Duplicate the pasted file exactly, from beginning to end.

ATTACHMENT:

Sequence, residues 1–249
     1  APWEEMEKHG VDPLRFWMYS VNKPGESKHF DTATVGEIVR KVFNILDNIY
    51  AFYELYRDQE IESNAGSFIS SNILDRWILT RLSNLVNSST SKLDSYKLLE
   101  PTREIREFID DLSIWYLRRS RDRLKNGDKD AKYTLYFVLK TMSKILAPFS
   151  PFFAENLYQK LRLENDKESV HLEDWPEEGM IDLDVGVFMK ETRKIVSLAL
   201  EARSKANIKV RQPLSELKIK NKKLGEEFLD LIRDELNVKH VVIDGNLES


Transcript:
Sequence, residues 1–249
     1  APWEEMEKHG VDPLRFWMYS VNKPGESKHF DTATVGEIVR KVFNILDNIY
    51  AFYELYRDQE IESNAGSFIS SNILDRWILT RLSNLVNSST SKLDSYKLLE
   101  PTREIREFID DLSIWYLRRS RDRLKNGDKD AKYTLYFVLK TMSKILAPFS
   151  PFFAENLYQK LRLENDKESV HLEDWPEEGM IDLDVGVFMK ETRKIVSLAL
   201  EARSKANIKV RQPLSELKIK NKKLGEEFLD LIRDELNVKH VVIDGNLES